‘Equal treatment, not special treatment’: Conservative Supreme Court justices appear ready to strike down religious barriers to public school choice funding

Editor’s note: This commentary appeared Wednesday on The 74. For additional context on Carson v. Makin, read reimaginED senior writer Lisa Buie’s post here.

Maine allows private religious schools to participate in its tuition benefit program for families that don’t have a public high school in their communities — except those that seek to instill religious beliefs in their students.

That caveat is at the heart of Carson v. Makin, argued before the U.S. Supreme Court Wednesday, a case that is likely to determine whether states can continue to ban religious schools from publicly-funded choice programs. Based on the justices’ questioning, experts said Maine, and states with similar laws, would likely no longer be able to defend them.

“This absolutely discriminates against parents,” Michael Bindas, a senior attorney with the libertarian Institute for Justice, who represents the plaintiffs, told the court. The state is discriminating against religion, he added, because decisions about whether a school is too religious to participate is “based on the decision of a bureaucrat in Augusta.”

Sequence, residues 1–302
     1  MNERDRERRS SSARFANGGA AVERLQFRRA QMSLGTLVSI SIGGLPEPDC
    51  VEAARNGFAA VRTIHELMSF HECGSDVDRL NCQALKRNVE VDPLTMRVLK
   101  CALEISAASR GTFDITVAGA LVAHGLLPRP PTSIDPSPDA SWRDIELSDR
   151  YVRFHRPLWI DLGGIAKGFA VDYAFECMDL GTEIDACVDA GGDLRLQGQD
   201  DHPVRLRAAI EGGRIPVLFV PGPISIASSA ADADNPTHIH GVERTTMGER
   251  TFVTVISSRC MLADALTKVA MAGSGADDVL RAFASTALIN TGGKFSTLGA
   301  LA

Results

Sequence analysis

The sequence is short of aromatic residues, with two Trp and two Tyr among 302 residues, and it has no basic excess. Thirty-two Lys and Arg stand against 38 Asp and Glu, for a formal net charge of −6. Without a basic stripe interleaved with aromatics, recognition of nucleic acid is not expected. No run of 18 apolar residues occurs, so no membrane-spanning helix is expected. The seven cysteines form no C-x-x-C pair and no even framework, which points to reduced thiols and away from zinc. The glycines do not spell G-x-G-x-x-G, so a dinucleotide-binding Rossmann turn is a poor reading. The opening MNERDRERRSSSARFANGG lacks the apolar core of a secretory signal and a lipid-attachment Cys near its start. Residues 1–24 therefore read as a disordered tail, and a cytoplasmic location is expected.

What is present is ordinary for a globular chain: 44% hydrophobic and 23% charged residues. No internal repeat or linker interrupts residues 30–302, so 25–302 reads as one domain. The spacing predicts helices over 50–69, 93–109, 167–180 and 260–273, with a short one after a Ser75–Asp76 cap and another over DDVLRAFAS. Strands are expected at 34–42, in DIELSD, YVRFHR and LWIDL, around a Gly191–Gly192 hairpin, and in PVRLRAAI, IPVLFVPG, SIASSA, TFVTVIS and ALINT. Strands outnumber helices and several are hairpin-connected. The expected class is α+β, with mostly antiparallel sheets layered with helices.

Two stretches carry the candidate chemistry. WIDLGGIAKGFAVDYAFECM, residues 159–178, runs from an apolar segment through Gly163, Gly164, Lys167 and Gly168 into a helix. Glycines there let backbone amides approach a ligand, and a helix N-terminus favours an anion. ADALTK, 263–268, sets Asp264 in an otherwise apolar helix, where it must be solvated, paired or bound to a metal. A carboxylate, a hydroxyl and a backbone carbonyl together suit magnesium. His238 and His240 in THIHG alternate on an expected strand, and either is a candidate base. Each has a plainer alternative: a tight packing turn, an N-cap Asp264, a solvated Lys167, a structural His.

Christopher C. Taub, Maine’s chief deputy attorney general, countered that the state’s program is “religiously neutral” and only seeks to give families free public education “roughly equivalent” to what they would get in a district school.

Wednesday’s hearing was the second time in two years the Supreme Court has considered whether public funds can pay for students to attend religious schools as part of school choice programs — an issue that public school advocates argue is a clear violation of the First Amendment’s separation of church and state.

In 2020, the court ruled in Espinoza v. Montana Department of Revenuethat the state could not exclude a religious school from a tax credit scholarship program simply because it was religious. The question in Carson takes the issue a step further, asking the court if officials can still ban such schools if they spend state money to teach religion. The fine legal parsing revolves around the issue of “status vs. use” — in this case, the difference between an institution that has a religious affiliation and one that uses public money to promote religion.

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